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Retired and still holding onto 401k because....
Old 09-05-2023, 12:49 AM   #1
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Retired and still holding onto 401k because....

I'm retired and still holding my 401k because of two main reasons.
1. ERISA protections
2. Stable value fund

I've wrestled with the decision to stay in the 401k since fixed rates are much higher now. The mmf option is paying 5.17% so that has been my choice over a bond fund. Brokerage link via my plan does not allow for the purchase of cds, individual bonds, etc...only mutual funds. I see all of this money parked in a floating rate fund and wonder if I'm being overly cautious regarding the two reasons above. How important are those two items to you? My 401k holds 50% of our retirement assets. My home state extends protections to TIRAs but not Roth IRAs so I would have protections under the state code for a rollover. However, I've read that nothing beats the coded federal protections.
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Old 09-05-2023, 02:46 AM   #2
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I still have mine after almost nine years of retirement for the same reasons. Also, my Vanguard funds are charged with the Institutional Rate.
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Old 09-05-2023, 04:29 AM   #3
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IMO ERISA protections is not worth keeping a 401k. I've never used anyone, never been sued and have $2m of umbrella insurance coverage. Also, a recent thread suggested that a rollover IRA from a 401k continues to have ERISA protections as long as you don't taint it with other IRA money or contributions.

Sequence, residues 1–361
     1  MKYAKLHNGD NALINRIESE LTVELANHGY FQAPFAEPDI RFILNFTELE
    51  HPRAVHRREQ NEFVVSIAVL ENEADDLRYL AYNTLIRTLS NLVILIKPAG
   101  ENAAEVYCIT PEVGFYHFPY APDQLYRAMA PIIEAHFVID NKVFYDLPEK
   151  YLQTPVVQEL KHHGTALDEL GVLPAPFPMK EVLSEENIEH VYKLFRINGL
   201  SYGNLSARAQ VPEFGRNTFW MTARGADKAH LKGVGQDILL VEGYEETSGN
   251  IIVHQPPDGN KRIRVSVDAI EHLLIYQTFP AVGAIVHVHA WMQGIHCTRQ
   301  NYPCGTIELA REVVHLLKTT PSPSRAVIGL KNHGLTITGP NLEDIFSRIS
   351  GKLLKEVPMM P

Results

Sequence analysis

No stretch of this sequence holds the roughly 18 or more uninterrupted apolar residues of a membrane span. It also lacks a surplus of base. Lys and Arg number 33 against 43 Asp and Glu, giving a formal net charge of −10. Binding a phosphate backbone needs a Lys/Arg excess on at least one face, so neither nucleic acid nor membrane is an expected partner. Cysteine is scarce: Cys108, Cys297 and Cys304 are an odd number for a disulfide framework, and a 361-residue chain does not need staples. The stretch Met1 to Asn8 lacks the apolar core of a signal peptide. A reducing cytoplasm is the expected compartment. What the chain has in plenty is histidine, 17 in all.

Stable value fund is much less attractive now that interest rates are so low unless it pays a decent yield.

I rolled over my 401k to a tIRA within a year of retirement and have never looked back. Having a wide variety of great investment options available trumps a stable value fund and ERISA protections IMO.
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Old 09-05-2023, 05:45 AM   #4
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I still have my 401k for the Stable Fund option. It is net yielding 4% now, which is on the low side.
However over the longer term, the yields have been higher than other fixed income options, plus it does offer low cost Vanguard index funds. I can switch some of my IRA to Fixed Income and offset it with moving the Stable Value to Equities in the 401k.
Edit - it represents 30% of our total portfolio.